Variable-topic, small-enrollment seminars that draw intentionally from the diverse disciplinary knowledge of the students and focus on important social and academic issues that cross disciplinary boundaries. In contrast to HNR 251, HNR 350 generally has an artistic, humanistic, or socio-political focus.

Apply

HNR 401. 1-credit Honors senior project proposal course. Students explore project possibilities, identify a faculty mentor, and develop an approved project proposal.

HNR 499. 2-credit Honors senior project. Substantial project sponsored by a faculty mentor. Includes a showcase requirement—through print publication, conference presentation, or Honors-arranged senior showcase presentation.

Senior/capstone experiences outside of Honors may substitute for HNR 401/499 if approved by the Honors College.

What About AP and IB Credits?

All AP and IB credits that are accepted by GVSU count toward the 120-credit graduation requirement, effectively reducing the number of credits a student needs to earn a degree. Some credits count in the General Education program, some count toward various majors and minors, some count toward a foreign-language requirement, and some count as electives—but they all count.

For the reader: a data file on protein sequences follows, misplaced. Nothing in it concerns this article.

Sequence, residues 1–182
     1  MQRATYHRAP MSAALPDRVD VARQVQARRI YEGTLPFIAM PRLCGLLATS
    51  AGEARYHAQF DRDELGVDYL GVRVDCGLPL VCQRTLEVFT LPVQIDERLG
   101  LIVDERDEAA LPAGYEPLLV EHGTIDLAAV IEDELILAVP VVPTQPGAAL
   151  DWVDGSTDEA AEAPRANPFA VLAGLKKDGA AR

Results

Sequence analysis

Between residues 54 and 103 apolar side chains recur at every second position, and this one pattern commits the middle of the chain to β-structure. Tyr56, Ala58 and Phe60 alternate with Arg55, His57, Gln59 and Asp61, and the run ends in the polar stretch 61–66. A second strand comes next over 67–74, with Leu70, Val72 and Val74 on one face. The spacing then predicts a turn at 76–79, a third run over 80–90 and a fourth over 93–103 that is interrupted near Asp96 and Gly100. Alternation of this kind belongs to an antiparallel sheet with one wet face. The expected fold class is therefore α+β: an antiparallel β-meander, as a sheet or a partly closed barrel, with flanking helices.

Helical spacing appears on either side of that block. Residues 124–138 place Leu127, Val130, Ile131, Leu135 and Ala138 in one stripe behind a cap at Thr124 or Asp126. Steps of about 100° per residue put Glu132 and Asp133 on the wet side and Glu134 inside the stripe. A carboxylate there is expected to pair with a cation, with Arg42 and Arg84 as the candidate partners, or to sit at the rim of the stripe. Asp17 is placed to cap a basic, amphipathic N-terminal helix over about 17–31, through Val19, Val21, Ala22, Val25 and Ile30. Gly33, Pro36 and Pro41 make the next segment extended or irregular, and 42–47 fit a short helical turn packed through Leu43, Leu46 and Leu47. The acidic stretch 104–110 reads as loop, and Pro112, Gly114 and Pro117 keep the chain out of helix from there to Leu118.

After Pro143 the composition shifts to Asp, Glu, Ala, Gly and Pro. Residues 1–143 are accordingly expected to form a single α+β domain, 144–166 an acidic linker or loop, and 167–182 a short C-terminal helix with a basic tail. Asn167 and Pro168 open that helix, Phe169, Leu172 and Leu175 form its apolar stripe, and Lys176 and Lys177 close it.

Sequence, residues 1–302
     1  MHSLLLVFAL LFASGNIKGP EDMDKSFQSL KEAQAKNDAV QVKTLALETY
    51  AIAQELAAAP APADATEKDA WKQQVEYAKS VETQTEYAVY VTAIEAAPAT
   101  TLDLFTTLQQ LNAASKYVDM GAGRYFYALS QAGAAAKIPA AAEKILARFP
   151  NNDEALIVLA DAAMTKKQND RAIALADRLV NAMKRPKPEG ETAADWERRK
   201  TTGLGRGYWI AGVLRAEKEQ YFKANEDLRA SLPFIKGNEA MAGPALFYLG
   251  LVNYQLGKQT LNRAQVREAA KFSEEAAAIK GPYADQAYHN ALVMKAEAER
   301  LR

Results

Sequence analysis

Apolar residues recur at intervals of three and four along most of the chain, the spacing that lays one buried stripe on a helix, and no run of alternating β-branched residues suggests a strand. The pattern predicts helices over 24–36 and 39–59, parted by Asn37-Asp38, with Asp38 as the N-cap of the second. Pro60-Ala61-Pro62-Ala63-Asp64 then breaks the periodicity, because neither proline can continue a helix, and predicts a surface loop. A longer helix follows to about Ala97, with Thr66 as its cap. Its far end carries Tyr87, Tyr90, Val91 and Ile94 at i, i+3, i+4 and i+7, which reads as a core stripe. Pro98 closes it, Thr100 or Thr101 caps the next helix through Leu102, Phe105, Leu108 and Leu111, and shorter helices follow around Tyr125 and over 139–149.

In the Honors College, we value AP and IB courses as excellent preparation for our curriculum, but because our curriculum is topical, interdisciplinary, discussion-oriented, and project-based, with frequent co-curricular excursions and activities, we don’t believe that high school courses, even excellent ones, in Physics, Psychology, World History, and other subjects substitute for the cohort-building academic experiences we offer. So while AP and IB credits count toward the 120 credits required to graduate and may apply to other requirements, they do not reduce Honors credit requirements.